"What do your kids like to eat?" asks my mother. She's hosting my family for a long weekend and wants to have my kids' favorite foods on hand. It's the same question that my husband's parents and both of our aunts ask us before every trip. I appreciate their generosity and willingness to stock up on the kids' staples, but I decline the offer.
In fact, I tell them all the same thing: No need to have anything special on hand for us.
I don't want my kids to travel half way across the country to their grandmother's house only to eat the same breakfast cereal and yogurt they eat every day at home. Would they be more comfortable if they saw their old familiar Go-Gurts and granola staring back at them? Absolutely, but that's not the point. The point is for them to step away from their lives and routines—including those involving food—and to experience new things.
When I was a kid way, way back in the 1970s, it would have never occurred to my grandparents to ask about my favorite snacks or breakfast foods. They never served my beloved Frosted Flakes when I visited them during winter or spring breaks. Nope. I would have to wake up to the unknown in my grandmother's house, staring down a bowl of Malted Meal with a pad of real butter or a plate of soft-poached eggs, foods I'd never seen before.
Going to visit someone else meant that I had to step outside of my comfort zone and fling myself into the brave new world of someone else's pantry or snack cabinet.
While I appreciate that my extended family and friends want to make my children feel comfortable, I'm not all that interested in their comfort.
To this day, some of my fondest memories involve the strange and wonderful things I ate while at my grandparents' houses. One grandma had cookies I'd never seen before—Fig Newtons and a generic brand vanilla Oreos that almost blew my mind. She used the bacon grease from breakfast to make a salad dressing at dinner time. At her house, I tasted corn bread and honey for the first time. My other grandmother cooked chicken fricassee and gumbos that were murky and intimidating on my plate. Her idea of a snack was a single Lorna Doone cookie that reminded me of chalk and asbestos baked in some unholy combination.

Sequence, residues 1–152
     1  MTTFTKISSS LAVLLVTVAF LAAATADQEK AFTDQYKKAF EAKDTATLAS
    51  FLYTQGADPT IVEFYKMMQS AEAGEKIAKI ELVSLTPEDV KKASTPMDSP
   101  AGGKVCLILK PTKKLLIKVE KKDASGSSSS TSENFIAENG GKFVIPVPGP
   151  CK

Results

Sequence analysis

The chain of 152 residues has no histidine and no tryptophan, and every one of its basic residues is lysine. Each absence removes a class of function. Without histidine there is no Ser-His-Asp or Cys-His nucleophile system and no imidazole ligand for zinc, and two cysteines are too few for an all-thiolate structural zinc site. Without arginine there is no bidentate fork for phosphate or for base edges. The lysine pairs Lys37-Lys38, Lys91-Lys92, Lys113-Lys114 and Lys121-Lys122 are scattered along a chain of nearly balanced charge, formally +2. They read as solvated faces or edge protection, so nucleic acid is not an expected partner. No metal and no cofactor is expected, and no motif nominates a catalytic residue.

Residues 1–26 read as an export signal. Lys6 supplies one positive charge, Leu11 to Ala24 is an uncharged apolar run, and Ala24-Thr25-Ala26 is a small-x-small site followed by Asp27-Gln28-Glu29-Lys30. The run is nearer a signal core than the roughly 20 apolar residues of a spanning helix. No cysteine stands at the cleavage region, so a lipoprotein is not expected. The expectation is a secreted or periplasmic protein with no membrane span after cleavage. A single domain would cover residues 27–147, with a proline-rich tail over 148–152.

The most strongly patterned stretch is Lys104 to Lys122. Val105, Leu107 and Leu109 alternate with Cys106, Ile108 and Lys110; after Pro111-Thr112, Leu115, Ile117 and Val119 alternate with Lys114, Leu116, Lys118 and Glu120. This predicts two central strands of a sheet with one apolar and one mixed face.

Maybe 9-year-old me pined for an authentic chocolate Oreo with the creamy vanilla center like I ate in my lunch every single day, but 42-year-old me appreciates the exotic flavors I associate with my grandmothers to this day. Their foods created my most vivid childhood experiences.
My memories would be flattened if they had stocked their cabinets with instant oatmeal and an array of Kellogg's cereals—foods I ate every day of my life back home.
While I appreciate that my extended family and friends want to make my children feel comfortable, I'm not all that interested in their comfort. I much prefer that they eat avocados and fresh mango with their grandmother from California, and cultivate a taste for smoked meats from their kinfolk in Texas. These moments of discomfort create vivid memories that enlarge my children's experience and appetite for new tastes.